lazy cradles will roll away onto the boom and not cause any issue when reefingLazy cradles will roll away onto the boom and not cause any issue when reefing

In conclusion, if you believe your boat will be overpowered, out of balance, and harder to sail with a full main, you are better reefing. Practice this evolution, then, when it's time to do it for real, talk through what each person's role will be, what potential problems to anticipate (knots in the lines?), and confirm everyone on board is ready to execute their job before saying "go." Remember, if you're reefing it's because the boat is healing excessively, so make sure your crewmembers scurrying around the deck are wearing their PFDs and/or are tethered to the boat.

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Next Thursday week (September 8th) is the last evening race in the 2020 Dublin Bay Sailing Club season writes Barry Hayes of UK Sailmakers Ireland.

As the summer season draws to a close, it is time to consider what we can do to improve your 2021 season.

Take advantage of the autumn sailing season to assess your sail wardrobe needs and where you can improve.

Bolster your sail wardrobe for maximum performance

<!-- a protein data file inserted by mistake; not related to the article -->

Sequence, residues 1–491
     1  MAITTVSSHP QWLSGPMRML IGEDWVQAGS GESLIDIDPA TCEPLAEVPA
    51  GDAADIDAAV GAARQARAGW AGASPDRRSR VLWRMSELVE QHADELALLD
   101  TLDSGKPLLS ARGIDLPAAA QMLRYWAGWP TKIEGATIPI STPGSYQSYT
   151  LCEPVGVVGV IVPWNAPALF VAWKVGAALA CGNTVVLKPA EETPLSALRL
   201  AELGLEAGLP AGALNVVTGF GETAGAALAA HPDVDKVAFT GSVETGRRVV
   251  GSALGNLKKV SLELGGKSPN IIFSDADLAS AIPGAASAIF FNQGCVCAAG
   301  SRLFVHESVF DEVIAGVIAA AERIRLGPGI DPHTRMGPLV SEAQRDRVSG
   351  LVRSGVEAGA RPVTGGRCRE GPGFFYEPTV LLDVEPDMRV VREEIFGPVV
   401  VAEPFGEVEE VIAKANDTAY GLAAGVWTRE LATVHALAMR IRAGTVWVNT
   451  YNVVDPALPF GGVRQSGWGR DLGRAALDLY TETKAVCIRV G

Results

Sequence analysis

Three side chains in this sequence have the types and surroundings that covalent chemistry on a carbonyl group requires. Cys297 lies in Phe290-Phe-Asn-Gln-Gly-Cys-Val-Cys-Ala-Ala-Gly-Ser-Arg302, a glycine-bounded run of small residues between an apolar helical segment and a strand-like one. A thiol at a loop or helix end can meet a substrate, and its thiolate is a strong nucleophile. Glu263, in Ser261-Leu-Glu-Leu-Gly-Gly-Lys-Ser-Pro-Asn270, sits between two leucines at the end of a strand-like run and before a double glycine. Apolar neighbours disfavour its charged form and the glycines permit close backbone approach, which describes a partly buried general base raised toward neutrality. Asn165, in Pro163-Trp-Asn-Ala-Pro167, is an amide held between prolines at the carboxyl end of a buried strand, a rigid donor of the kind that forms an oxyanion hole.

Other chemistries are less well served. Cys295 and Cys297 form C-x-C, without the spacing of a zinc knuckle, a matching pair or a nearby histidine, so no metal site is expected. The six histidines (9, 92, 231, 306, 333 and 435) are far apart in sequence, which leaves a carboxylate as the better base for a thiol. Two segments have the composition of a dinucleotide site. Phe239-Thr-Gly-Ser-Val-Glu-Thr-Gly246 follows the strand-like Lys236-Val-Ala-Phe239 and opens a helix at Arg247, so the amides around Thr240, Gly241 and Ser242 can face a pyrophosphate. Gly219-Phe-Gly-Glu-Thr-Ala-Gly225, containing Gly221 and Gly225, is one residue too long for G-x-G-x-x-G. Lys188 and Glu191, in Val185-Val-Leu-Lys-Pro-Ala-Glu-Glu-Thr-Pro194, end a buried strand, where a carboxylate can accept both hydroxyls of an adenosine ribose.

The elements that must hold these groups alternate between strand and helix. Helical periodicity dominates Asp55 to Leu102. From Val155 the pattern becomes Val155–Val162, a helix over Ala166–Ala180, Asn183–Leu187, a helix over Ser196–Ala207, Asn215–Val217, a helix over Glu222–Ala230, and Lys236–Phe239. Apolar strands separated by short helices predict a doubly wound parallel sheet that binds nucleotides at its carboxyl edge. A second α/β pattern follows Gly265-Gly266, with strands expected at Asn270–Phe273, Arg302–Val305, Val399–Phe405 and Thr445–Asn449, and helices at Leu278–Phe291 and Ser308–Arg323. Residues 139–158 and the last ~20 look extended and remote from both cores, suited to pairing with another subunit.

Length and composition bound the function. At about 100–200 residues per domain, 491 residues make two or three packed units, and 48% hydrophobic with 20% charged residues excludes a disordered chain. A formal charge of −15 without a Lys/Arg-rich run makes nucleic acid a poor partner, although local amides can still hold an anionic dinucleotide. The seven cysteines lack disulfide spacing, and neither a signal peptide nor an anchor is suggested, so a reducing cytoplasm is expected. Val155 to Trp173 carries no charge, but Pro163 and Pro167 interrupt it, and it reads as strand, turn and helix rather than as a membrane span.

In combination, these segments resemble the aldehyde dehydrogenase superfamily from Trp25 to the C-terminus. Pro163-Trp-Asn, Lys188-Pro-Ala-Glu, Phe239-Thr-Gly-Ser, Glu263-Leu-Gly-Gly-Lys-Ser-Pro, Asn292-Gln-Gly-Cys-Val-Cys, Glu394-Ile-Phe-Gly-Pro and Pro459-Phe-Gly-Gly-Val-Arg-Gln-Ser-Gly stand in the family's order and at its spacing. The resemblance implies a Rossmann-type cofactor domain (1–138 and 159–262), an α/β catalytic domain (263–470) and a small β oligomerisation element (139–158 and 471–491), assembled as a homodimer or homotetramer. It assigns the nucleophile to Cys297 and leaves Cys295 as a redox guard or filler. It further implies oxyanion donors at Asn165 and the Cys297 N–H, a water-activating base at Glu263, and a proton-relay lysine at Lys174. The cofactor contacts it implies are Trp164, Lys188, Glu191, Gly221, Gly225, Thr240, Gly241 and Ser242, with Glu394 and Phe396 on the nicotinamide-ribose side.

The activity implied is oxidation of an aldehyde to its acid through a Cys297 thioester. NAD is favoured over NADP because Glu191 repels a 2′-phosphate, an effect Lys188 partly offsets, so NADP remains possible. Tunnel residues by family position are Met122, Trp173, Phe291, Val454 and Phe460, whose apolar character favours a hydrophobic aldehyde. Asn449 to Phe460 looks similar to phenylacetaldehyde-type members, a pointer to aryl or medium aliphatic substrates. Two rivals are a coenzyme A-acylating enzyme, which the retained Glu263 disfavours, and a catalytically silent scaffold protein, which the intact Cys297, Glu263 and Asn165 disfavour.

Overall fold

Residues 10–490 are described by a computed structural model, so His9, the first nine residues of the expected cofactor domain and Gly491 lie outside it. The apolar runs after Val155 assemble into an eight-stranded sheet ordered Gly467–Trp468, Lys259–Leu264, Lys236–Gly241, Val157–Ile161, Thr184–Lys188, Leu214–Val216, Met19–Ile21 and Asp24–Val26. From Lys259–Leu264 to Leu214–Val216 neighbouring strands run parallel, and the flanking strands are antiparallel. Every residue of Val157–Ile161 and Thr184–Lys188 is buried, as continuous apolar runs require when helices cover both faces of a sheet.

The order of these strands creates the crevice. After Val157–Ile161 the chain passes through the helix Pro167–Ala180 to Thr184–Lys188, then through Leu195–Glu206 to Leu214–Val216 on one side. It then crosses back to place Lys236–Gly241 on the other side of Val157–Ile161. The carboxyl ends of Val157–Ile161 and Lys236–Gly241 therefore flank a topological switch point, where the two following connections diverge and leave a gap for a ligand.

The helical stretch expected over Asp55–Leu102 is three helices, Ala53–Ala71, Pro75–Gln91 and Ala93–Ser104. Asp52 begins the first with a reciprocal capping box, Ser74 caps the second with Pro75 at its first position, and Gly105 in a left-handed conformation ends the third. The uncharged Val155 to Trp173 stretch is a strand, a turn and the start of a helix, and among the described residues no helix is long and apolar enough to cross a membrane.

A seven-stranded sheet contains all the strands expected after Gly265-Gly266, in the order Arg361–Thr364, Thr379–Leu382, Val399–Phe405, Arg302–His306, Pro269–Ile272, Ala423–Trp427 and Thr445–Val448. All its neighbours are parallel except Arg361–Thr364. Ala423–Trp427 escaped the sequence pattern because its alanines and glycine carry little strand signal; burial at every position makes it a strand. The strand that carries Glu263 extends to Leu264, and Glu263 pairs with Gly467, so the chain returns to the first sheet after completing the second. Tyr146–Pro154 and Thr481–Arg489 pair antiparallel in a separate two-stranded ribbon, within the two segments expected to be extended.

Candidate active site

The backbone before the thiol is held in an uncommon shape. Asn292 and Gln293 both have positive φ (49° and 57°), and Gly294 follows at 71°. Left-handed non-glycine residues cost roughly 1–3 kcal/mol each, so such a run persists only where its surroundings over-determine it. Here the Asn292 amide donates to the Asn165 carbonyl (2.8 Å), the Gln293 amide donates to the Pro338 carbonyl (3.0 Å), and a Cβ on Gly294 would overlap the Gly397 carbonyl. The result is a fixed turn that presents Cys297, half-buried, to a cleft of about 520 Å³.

New sails make a big difference to your boat's performance both on and off the race track. Getting the right sail for your boat is key to planning your new season on the right foot.

 "Outrajeous" Sovereign's Cup Champion – "Rockabill VI" ISORA Champion – "Mermaid IV" Dun Laoghaire Week Coastal Champion(From left) "Outrajeous" Sovereign's Cup Champion – "Rockabill VI" ISORA Champion (partial inventory) – "Mermaid IV" Dun Laoghaire Week Coastal Champion (partial inventory

And there is no better time to buy than during the autumn period with up to 15% off retail pricing. Make the most of your autumn sailing.

It's also a great time to take advantage of the new VAT rate of 21% on top of your winter discount.

Contact any of us for advice, guidance, and a quote today. See contact details below.

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We've been working hard this weekend to keep the 1720 sportsboat boys in the game at the AIB Southern Championships at Royal Cork Yacht Club.

When you rip it, UK Sailmakers Ireland can fix it in time for the next race! 

That has certainly been the case this weekend after a very breezy start to the championships on Friday leading to lots of sail repairs required at short notice.